The List Poem
List poems can be a great way of approaching your writing, building up a bank of ideas and expanding on them to draw out the poem within. When tackling a list poem think about the relationship between the items on the list and the order in which they appear. Remember a poem needs surprise so think about how you reveal the concept, the pace and rhythm of the items and the final unveiling at the end of the poem. Here’s an example from Jill Munro.
A Catalogue of Phobias
For my mother
Thalassophobia – Fear of the ocean – hers. The wave-crashed girl, tumbled
like balled seaweed, gasping in glass light.
Coulrophobia – Fear of clowns – mine. Her badly-blown glass clowns,
dressing table-mounted, moving nightly, circus mouths
gurning as she feathered off the motes.
Ornithophobia – Fear of birds – mine. The owl portending
death, the chimneyed crow, omens she handed me, claws embedded.
Grandpa’s budgies, hair-winging, feather flaps of tail scraps, ocean blue.
Catoptrophobia – Fear of mirrors – mine. The budgies again, reflecting.
Vehophobia – Fear of cars – hers. She tried but failed to master it
when she steered my dual-control father into a ditch.
Koumpounophobia – Fear of buttons – mine. The rattle of her battered Mackies
Petticoat Tail Shortbread tin, the blistering silver shine of school
Didaskaleinophobia – Fear of school – mine. PE shorts, Sparrow Legs, PE shorts,
Sparrow Legs, notes off games, notes off school, repeat.
Disposophobia – Fear of throwing things away – hers. Towers of empty envelopes, contents
filed in drawers, the security of paper mountains building.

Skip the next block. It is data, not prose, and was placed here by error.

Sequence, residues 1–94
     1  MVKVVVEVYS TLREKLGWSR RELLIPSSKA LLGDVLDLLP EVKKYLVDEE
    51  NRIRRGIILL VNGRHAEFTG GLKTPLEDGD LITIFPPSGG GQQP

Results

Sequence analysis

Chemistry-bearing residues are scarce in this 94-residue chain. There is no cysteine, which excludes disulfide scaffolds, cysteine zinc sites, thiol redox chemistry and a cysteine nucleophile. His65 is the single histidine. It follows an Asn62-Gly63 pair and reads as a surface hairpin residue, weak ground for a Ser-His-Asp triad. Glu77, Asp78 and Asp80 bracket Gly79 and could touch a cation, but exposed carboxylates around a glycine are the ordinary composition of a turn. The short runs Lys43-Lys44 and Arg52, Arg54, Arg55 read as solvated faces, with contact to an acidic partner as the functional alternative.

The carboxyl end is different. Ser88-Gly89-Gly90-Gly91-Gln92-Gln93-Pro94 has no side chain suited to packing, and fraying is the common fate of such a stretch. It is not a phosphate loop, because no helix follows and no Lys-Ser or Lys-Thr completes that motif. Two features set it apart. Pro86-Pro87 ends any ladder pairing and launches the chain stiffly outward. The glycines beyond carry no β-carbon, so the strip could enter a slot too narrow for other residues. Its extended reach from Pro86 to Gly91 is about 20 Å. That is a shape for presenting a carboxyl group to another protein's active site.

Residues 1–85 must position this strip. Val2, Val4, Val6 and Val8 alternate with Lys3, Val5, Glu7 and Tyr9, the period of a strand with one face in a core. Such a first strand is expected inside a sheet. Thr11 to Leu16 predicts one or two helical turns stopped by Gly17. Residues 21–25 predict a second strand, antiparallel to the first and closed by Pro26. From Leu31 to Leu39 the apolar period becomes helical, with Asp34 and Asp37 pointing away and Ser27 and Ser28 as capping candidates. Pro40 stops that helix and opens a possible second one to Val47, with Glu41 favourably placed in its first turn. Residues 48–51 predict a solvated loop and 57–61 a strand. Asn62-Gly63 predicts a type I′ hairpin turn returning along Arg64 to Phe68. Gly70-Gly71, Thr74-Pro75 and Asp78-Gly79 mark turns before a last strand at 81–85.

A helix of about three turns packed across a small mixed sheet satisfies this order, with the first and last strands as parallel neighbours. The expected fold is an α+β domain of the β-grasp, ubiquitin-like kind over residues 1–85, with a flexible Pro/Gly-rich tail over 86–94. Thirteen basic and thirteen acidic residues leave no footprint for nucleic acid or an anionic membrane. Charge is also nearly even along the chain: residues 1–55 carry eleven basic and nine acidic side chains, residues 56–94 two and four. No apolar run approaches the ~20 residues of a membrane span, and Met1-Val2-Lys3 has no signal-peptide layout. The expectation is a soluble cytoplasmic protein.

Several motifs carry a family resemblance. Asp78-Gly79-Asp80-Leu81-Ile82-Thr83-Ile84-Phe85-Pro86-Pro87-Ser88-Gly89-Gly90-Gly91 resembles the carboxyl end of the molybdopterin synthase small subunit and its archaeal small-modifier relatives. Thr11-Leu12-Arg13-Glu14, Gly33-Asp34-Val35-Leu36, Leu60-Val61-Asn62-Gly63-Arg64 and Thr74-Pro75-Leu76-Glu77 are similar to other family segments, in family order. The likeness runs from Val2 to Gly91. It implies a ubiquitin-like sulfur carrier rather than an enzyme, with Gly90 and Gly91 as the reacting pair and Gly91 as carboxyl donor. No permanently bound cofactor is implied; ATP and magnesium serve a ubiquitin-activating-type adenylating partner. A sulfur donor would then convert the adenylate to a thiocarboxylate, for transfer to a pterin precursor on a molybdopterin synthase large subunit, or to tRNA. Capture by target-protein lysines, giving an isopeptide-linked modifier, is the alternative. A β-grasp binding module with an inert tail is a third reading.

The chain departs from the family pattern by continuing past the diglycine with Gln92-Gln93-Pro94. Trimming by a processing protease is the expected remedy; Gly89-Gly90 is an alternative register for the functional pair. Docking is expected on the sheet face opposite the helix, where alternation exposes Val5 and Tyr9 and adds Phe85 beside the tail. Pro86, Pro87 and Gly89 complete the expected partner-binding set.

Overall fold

Lassiochemusophobia – Fear of losing keys – hers. The triple check they jingle in her bag
before, during, after slow progress down the hall.
Anthrophobia – Fear of flowers – mine. She’s planted dad’s ashes in a flowerpot
with a rose. I will inherit him, blight and all.
Necrophobia – Fear of death – mine. When she’s no longer here, will all fears
be taken with her?
Metrophobia – Fear of poetry – mine. Just write it, write it, write it!
The starting point for this poem was my mother (the subject of a number of my poems as she slides further into dementia) and a few phobias that have dogged her life. These interested me in their origins – from fear of swimming/water to birds and the omens attached to them. I had previously written a poem about a boy scared of buttons, being attracted by the weird and wonderful etymology of the descriptive words for phobias. I then further researched these which was an interesting exercise; the poem could have been much longer, there are innumerable phobias out there. I was also interested in the dynamic of how phobias can be passed from one person to another (and the other person creating their own, new phobias!). This allowed me to expand the poem until it became a kind of dialogue about two people’s phobias (some fictional). It is a straight list poem but I hope it’s an interesting one that raises questions the reader has to answer. There have been various titles during the course of its creation – from ‘A Background of Phobias’ to ‘A History of Phobias’ but I believe the ‘Catalogue’ title is a better fit for the list poem format.